Folk Tradition of Bengal (and Rabindranath Tagore)

by Joydeep Mukherjee | 2018 | 49,317 words | ISBN-10: 8186036989 | ISBN-13: 9788186036983

An English study regarding the Folk Tradition of Bengal and its influence on Rabindranath Tagore—an important Bengali polymath from the 19th century who excelled in philosophy, arts (painting), literature and music. This research tries to initiate the semantic aspect of “folk” through the help of various dictionaries....

Chapter 2.9 - Influence of European Culture on Tagorian Creation

[Full title: Review of Research—Rabindranather Upor Uropiyo Songskritir Provab (Influence of European Culture on Tagorian Creation)]

Influence of European culture especially songs has taken a great deal in the creation of Rabindranath Tagore. Before that the research has been very cynical about its possibility and probability. The research directly interrogates about his knowledge of Western songs. It also expresses extreme surprise about his unflinching attachment with their culture. The most important factor of the research is that it has not confined itself in table work rather rigorously it hinges round for the justification. It collects data quite meticulously. For instance it searches and quotes what he says about his own first acquaintance with Western culture. Therefore these quotations drain out not only his inherent connection with Western culture but also with his family members.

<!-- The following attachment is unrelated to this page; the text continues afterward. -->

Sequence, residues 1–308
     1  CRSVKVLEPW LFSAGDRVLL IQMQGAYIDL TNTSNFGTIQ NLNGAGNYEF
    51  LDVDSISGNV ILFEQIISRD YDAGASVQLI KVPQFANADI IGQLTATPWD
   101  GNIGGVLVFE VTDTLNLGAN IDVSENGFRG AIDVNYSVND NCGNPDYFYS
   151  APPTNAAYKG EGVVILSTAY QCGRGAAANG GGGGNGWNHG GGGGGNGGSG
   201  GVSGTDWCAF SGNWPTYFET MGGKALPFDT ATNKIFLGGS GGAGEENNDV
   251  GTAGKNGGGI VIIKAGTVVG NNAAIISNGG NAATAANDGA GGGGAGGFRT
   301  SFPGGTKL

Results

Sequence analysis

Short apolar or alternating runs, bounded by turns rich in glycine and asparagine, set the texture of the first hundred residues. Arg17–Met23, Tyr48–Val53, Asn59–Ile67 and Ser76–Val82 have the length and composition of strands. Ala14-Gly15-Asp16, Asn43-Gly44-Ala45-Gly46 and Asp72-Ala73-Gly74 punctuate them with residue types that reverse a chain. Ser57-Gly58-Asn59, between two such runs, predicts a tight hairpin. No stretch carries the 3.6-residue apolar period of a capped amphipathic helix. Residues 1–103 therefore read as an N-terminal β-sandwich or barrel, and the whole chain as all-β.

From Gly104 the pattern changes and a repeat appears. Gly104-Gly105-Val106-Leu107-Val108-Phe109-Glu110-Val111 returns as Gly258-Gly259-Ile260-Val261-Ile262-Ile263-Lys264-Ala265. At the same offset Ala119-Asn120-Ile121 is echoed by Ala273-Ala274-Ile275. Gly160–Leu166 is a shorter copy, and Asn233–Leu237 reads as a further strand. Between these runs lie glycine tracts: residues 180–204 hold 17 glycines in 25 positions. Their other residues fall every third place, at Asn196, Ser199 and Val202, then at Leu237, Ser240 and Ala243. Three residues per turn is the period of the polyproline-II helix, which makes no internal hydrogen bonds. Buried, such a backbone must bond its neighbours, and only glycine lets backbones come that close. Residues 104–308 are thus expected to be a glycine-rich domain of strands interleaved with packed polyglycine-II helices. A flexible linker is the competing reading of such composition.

The research also invites history. It typically informs us about his first arrival in England and the duration. Most of us would definitely think of his academic interest. But surprisingly the research lets us know about his active participation in cultural functions. The researcher very ecstatically writes that he even joined ‘Gallop’ and ‘Lancer’ dances. Miss. K., the convenor used to inform or invite Gurudev. Undoubtedly, the research very meticulously amasses such references from his life story. It also highlights the fact that Tagore was fascinated by one song so much so that frequently he used to sing it. He also mentions the songs: “Won’t you tell me, Molly darling”, “Darling you are growing old” and “Good bye sweet heart, Good bye”.

It also focuses on his translation of “Sangeet and Vab”, an essay illumining the spirit of European song that eventually goes against the flow of Bangla culture. In addition to that the research informs that it is a direct response to his influence of Herbert Spencer’s “The Origin and Foundation of Music”.

Here the researcher gives a list of some songs that are composed in and out of their tradition. These are:

  1. Fule fule dhole dhole,
  2. Sokoli furalo,
  3. Mana na manili,
  4. O dekhbi re vai,
  5. Enechi mora, enechi mora.
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